Boise, Idaho is a growing city in the middle of a rural state. Craft beer, food, and culture are taking over, but the history of the city is just as interesting. Boise is home to the largest Basque population outside the Basque country, and if you look hard enough, you can see plenty of Basque culture, especially at the Basque Block in downtown Boise.
There around 57,000 Basque Americans living in the United States, and around 16,000 are in Boise — the largest concentration of Basque Americans in any U.S. city. The culture is evident within the city, with even the mayor claiming the heritage. Parents send their children to Basque language schools and the Basque block is a symbol of the history of the culture in Boise.
Here are our tips for experiencing the Basque culture while you are in Boise, Idaho:
The Basque Museum & Cultural Center
The history of the Basque culture in Boise is incredibly interesting, but even many locals don’t know the full history. When you are in town, your first stop should be the Basque Museum & Cultural Center. In the museum, you can watch videos on the history of the Basque migration to Idaho, as well as learning about early life in the state.
Many Basque people came to the west as herders, and their stories are interesting to hear. You can learn about how they have preserved the history of their culture while still raising American children.
The Basque language is one of the oldest in the world, and Basque children in the region are still learning the language, while also learning the culture of their ancestors, including dance, games, and history.
There are a few restaurants on the Basque Block, and Leku Ona is one of them.
With beautiful finishings on the inside, a deck outside, and hospitable staff, Leku Ona may be one of my top suggestions for Boise restaurants.
I was assured this was not a stupid question, but last time I was in there I asked if they had Basque beer, and they said it was not a thing (I am sure there is some Basque beer out there, but apparently it’s not what they are known for).
Leku Ona features Basque bands on a regular basis and is a staple on the Basque Block in Boise.
If Bar Gernika sounds familiar, it may be because it was featured on the Boise episode of Diners, Drive-Ins, and Dives. Guy Fieri tried this restaurant, and even ate some beef tongue!
Bar Gernika also has amazing Basque food and culture, and is on the same block as Leku Ona (why not try both?).
My suggestion: try the croquetas — because who doesn’t love fried cheesy potato?
The Basque Center
The Basque Center is sort of a community center for the Basque community in Boise, but is open regularly to the public. The Basque Center, or Boise Euzkaldunak, is a non-profit that promotes Basque culture in city and state.
According to their website, it is “a social club and gathering place,” and supports Basque dancing, events, and gatherings.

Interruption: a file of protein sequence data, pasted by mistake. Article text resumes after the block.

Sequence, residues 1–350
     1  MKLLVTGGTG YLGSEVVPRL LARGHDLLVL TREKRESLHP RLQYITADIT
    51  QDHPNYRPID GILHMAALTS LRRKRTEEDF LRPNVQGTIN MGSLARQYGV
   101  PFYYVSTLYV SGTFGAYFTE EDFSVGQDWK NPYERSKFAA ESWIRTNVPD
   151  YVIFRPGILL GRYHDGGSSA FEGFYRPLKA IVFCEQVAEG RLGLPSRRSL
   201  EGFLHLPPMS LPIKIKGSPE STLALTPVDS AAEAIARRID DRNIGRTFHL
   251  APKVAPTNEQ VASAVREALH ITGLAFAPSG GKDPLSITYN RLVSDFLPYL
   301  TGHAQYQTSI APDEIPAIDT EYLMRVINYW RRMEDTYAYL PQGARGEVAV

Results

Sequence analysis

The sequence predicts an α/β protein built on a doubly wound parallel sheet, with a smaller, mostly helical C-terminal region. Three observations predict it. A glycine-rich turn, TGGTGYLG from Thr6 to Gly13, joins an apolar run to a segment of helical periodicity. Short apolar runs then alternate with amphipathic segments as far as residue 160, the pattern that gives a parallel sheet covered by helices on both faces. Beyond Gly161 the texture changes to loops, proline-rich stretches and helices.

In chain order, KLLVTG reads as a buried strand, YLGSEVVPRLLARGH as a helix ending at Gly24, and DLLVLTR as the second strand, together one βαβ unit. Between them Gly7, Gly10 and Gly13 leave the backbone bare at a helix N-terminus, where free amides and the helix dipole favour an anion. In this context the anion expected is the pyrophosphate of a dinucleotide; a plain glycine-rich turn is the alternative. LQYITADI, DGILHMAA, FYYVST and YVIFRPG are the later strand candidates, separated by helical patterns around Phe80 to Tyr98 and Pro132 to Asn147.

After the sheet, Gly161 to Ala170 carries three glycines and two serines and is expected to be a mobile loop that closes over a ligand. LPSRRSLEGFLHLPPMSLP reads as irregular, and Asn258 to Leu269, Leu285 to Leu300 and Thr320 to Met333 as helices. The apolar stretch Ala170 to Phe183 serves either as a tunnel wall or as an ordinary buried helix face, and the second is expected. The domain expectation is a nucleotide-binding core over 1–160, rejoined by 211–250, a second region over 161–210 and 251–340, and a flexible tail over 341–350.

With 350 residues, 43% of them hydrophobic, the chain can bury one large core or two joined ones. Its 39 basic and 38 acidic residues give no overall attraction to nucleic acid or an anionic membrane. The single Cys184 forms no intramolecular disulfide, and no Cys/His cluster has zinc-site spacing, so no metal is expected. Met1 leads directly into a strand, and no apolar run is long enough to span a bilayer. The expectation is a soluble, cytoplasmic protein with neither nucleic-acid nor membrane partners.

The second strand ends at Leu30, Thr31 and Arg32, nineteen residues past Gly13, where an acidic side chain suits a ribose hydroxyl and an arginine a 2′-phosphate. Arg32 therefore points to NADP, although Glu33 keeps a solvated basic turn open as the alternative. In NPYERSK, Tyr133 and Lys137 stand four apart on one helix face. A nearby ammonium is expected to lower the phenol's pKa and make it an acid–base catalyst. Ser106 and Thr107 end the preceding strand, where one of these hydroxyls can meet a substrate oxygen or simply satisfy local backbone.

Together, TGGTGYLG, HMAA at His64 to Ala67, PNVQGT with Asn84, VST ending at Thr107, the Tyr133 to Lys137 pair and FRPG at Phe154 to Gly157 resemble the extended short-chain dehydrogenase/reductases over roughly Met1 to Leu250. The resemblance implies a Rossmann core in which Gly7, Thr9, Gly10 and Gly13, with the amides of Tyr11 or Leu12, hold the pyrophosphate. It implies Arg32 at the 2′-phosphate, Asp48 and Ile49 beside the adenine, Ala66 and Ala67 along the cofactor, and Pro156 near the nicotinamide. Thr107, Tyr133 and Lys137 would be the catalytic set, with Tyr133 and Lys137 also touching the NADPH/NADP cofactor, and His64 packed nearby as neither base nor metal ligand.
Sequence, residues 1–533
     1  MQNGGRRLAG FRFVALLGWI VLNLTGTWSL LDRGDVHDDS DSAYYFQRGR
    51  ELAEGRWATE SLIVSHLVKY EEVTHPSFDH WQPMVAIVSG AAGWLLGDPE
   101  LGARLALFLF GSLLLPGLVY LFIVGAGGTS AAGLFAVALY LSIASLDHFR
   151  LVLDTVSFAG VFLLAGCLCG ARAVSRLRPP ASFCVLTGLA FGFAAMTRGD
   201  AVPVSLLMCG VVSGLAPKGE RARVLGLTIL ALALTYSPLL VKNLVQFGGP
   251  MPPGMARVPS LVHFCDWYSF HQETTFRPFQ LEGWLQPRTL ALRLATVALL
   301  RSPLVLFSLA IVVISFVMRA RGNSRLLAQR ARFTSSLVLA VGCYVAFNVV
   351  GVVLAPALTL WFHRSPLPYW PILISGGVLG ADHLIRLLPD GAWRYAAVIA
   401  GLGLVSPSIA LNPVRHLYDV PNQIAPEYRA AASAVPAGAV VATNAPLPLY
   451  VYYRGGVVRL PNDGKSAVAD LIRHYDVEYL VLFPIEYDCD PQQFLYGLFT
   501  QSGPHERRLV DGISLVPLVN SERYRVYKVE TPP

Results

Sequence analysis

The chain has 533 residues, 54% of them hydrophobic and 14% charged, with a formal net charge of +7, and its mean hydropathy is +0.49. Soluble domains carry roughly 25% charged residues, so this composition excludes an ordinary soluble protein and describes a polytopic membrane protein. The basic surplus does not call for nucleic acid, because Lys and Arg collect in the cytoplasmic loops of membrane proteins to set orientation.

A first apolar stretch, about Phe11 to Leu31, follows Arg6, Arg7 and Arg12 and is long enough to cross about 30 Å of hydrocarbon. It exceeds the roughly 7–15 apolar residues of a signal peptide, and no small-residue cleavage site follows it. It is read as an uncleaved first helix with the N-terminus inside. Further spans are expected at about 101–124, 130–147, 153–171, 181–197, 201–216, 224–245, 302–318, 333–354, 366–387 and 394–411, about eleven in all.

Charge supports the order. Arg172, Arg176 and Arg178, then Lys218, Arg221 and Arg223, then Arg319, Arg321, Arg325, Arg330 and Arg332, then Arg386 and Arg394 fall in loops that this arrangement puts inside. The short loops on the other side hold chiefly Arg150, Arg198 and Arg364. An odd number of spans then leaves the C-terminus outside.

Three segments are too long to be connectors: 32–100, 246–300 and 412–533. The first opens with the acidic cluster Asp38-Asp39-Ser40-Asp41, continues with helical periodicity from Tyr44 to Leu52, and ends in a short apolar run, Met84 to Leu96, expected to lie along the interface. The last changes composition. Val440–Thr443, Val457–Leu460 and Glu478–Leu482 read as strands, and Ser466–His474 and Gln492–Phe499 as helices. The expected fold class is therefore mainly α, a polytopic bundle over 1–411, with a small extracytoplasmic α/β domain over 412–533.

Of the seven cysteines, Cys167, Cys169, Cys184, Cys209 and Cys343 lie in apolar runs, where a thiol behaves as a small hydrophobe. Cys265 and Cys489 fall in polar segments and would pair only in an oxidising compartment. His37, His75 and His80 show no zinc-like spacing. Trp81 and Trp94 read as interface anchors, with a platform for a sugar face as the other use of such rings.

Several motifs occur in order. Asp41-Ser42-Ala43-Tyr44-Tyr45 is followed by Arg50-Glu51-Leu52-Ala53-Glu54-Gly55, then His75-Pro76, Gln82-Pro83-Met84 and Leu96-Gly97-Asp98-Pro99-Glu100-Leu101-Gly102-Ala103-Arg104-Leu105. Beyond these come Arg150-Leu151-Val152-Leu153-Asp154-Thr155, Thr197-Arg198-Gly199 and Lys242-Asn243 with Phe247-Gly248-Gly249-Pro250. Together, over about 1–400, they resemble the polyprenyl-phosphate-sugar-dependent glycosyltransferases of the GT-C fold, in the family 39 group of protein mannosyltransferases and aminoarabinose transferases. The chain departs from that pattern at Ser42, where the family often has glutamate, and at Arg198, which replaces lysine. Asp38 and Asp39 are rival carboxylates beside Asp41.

As a 20-something living in Boise, I would go there with friends because they had great people, a great environment, and super cheap drinks. Although I’m not sure if the last one is still true, the first two undoubtedly are.
Pilota Court & Boarding House
When visiting downtown Boise, you wouldn’t imagine there is a full-size sports court beneath the city — but there is one under the Basque Block.
While it may not be open to the public, if you take a tour from the Basque Museum, you will likely be shown the Pilota Court beneath the block.
The court is still used for Pilota, Basque dancers and lessons, and other assorted events.
Another interesting thing to remember is when you are being led into the Pilota Court, the building was once a boarding house. While the court is now enclosed, it was once an open air court.
Jaialdi & the San Inazio Festival
Boise is also home to a number of Basque festivals, the largest being Jaialdi.
Jaialdi only happens every five years (it means “festival” in the Basque language). The festival features dancing, musical performances, sporting events, food, and drink. Jaialdi has been celebrated since 1987, and then every five years starting in 1990.
The event is held during the annual Basque festival, the San Inazio Festival. The next Jaialdi will be held from July 28, 2020 through Aug. 2, 2020.
Oinkari Basque Dancers
At most Basque gatherings and events (and many non-Basque events), you will find the Oinkari Basque Dancers dancing.
The dancers began their troupe in 1960, when a group of local Basque dancers traveled to the Basque country to learn more about the dancing from their heritage.
When they returned to Boise, they started the group and they have been teaching generations since then.
The Basque Market has been located in the Basque Block since 2000, and does catering, parties, weddings, and other events.
They also prepare large amounts of paella every Wednesday and Friday at noon on their sidewalk. The Basque Market also features tapas/pintxos, cooking classes, and a large amount of Basque and Spanish wines.
We are including Bardenay only because it is located very prominently in the middle of the Basque block, but they are not a Basque-run restaurant.
That being said, the restaurant is one of my favorite in town and worth a visit, and they distill their own liquor!
Whether you are Basque or not, or know anything about the Basque culture, visiting the Basque Block on your next visit to Boise will be a life-changing experience.
From the immigrants that moved to the United States decades ago to the culture that still exists today, Boise is truly a unique place when it comes to the Basque culture.